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    Mobile Privacy Series at the Atlantic

    The Atlantic has a series on mobile privacy. One part asks, “What Does Your Phone Know About You?” The answer is: It knows a lot.

    I plugged my phone into my computer and opened an application called Lantern, a forensics program for investigating iPhones and iPads. Ten minutes later, I’m staring at everything my iPhone knows about me. About 14,000 text messages, 1,350 words in my personal dictionary, 1,450 Facebook contacts, tens of thousands of locations pings, every website I’ve ever visited, what locations I’ve mapped, my emails going back a month, my photos with geolocation data attached and how many times I checked my email on March 24 or any day for that matter.

    Want to reconstruct a night? Lantern has a time line that combines all my communications and photos in one neat interface. While most of it is invisible during normal operations, there is a record of every single thing I’ve done with this phone, which also happens to form a pretty good record of my life.

    Figuring that I’ve got nothing to hide or steal, I’d always privileged convenience over any privacy and security protocols. Not anymore. Immediately after trying out Lantern, I enabled the iPhone’s passcode and set it to erase all data on the phone after 10 failed attempts. This thing remembers more about where I’ve been and what I’ve said than I do, and I’m damn sure I don’t want it falling into anyone’s hands. […]

    The big deal about location data isn’t the data itself; rather, the location data makes all the other information that can be extracted exponentially more useful. That’s why mobile forensics is different, and why our devices may be where the bubbling privacy concerns of the last decade come to a head.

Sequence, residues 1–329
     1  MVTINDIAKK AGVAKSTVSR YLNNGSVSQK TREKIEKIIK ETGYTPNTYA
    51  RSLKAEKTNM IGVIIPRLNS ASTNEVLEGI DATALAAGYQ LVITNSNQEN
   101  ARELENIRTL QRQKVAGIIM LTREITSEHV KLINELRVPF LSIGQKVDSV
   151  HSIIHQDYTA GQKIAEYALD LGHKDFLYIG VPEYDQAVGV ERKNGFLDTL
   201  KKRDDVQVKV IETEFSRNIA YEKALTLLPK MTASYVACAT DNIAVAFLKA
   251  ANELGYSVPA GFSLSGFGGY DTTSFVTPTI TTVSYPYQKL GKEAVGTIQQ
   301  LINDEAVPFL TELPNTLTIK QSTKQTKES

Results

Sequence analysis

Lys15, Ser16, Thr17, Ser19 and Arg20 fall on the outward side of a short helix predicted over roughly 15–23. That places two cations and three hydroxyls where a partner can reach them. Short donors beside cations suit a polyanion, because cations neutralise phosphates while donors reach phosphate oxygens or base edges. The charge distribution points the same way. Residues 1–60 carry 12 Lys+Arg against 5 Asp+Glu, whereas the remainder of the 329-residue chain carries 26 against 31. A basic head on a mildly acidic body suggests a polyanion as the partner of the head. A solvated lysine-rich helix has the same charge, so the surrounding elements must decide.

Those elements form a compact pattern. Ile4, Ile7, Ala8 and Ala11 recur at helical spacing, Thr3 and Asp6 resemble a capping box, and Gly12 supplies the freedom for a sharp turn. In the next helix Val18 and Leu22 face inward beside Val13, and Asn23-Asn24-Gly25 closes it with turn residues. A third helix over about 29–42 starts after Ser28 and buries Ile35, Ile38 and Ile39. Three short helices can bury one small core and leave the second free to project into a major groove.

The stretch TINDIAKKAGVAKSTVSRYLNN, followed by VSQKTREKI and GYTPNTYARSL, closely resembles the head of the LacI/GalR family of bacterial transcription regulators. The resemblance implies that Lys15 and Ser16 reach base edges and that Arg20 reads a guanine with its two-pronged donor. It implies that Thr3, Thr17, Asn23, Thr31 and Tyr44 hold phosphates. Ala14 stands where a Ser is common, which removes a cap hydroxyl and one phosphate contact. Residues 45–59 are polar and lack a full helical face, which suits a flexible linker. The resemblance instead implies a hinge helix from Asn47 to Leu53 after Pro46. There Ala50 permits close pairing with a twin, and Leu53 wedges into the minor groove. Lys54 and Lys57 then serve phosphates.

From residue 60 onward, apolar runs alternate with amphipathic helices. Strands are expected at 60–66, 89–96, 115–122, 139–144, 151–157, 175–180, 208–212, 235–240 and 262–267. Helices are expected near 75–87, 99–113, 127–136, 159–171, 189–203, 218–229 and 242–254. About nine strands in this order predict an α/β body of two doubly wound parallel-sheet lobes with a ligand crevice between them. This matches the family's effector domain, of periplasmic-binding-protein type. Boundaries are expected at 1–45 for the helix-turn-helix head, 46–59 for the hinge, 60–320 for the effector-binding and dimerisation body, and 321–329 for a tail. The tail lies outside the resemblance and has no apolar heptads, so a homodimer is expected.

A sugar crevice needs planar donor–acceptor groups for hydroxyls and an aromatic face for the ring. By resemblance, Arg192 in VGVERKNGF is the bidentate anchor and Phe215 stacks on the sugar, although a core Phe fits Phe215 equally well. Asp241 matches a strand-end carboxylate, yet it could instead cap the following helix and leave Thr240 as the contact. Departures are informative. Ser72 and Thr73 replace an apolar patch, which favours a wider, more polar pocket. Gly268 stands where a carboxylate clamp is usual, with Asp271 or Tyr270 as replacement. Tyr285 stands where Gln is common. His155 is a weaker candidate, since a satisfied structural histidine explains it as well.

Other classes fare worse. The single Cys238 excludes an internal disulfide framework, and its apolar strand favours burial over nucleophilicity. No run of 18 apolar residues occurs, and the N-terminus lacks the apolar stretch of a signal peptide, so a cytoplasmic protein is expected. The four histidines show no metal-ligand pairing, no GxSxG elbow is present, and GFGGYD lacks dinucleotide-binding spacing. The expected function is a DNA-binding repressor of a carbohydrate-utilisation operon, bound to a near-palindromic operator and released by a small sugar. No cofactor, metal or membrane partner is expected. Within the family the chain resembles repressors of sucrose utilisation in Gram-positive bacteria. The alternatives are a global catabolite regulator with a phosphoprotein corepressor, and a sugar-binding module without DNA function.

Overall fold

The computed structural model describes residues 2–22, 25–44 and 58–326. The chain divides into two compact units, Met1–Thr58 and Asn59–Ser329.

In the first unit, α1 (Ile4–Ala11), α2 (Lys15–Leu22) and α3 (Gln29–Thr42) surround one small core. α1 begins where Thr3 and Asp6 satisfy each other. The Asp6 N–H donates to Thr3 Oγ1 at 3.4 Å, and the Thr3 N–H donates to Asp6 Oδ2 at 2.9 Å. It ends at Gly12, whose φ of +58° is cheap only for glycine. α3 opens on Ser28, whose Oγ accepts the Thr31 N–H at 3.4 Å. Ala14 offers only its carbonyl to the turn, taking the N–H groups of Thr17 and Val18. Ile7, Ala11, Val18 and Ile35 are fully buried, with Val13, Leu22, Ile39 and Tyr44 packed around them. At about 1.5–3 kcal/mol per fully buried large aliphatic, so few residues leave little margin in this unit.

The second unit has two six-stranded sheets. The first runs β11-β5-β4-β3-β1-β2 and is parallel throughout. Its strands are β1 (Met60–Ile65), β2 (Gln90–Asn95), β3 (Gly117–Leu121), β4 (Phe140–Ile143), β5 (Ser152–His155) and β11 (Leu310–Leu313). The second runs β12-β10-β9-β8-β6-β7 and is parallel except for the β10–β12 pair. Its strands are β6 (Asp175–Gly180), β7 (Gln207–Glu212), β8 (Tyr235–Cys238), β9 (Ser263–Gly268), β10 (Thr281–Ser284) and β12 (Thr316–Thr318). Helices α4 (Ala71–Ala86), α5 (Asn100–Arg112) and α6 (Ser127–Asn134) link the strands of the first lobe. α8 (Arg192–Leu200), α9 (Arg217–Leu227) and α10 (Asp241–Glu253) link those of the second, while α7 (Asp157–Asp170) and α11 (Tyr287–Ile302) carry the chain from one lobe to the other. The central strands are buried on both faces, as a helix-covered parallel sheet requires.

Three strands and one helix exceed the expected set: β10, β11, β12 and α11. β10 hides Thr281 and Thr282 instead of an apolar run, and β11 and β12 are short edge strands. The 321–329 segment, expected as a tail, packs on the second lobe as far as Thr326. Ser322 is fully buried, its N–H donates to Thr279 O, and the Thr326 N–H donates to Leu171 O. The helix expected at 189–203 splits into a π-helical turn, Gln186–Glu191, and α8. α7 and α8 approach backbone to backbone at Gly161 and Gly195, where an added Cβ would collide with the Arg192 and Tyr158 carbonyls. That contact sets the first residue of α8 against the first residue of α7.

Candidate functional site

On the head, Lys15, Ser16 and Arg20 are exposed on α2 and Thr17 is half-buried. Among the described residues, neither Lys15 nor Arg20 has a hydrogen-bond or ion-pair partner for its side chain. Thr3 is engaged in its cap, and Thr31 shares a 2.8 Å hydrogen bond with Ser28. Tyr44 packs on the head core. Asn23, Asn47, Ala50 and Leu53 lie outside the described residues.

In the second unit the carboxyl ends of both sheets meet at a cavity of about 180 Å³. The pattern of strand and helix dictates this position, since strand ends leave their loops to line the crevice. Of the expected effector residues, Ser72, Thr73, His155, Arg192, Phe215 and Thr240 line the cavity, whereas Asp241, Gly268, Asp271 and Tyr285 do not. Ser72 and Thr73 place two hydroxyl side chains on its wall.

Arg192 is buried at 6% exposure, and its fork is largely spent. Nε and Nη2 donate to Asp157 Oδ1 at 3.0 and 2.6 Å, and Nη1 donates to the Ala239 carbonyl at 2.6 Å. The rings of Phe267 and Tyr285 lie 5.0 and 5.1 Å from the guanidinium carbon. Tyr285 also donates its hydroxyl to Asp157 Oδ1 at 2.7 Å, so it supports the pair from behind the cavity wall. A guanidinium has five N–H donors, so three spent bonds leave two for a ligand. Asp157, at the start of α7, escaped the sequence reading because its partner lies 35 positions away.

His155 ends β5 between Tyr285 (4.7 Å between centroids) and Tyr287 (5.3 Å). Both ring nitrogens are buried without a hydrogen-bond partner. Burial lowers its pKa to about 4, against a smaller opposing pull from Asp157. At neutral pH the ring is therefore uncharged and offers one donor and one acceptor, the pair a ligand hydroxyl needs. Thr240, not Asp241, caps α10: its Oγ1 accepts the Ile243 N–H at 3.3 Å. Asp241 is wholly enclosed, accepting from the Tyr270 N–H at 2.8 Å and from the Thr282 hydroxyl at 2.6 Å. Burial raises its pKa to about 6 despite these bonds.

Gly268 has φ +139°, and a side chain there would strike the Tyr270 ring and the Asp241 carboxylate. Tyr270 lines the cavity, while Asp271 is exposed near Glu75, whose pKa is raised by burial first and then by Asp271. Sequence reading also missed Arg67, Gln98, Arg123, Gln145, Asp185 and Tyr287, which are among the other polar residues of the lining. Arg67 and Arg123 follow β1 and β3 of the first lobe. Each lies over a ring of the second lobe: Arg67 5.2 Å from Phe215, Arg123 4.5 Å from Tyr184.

If our phones have become our outboard brains, we’ve actually put ourselves in a very difficult privacy position. Even searching a suspect’s house could never yield a full inventory of that person’s friends and acquaintances, the entire record of their voice and text communications — and all the web pages he’d ever looked at. Now, law enforcement or a government official can have all of that in two minutes and physical access to one’s cell phone.

    Another part looks at “Atoms vs. Bits: Your Phone in the Eyes of the Law.”

    Ask yourself: Do you think it was OK for the police to search the contents of [a person’s] phone without a warrant?

    It’s a complicated issue. We have rules against warrantless searches for good reason. On the other hand, law enforcement doesn’t want to lose the ability to do everything it can to catch people they think are criminals.

    Here’s the legal issue at the heart of the case, which will be argued before the Oregon Supreme Court next week. We all know that the Fourth Amendment to the Constitution protects everyone from “unreasonable” search and seizure. Since the 18th century, though, many cases have touched on how to define what is and is not unreasonable. […]

    What’s really at issue here is whether it’s the size of the digital device that matters or the amount of information it contains. It’s a classic case where if you think about it in terms of the atoms — the stuff — you get one answer but if you think about it in terms of bits you get another. The phone is small, so it is easy to have it “immediately associated” with you. But the information it contains is vast and wide-reaching and valuable.

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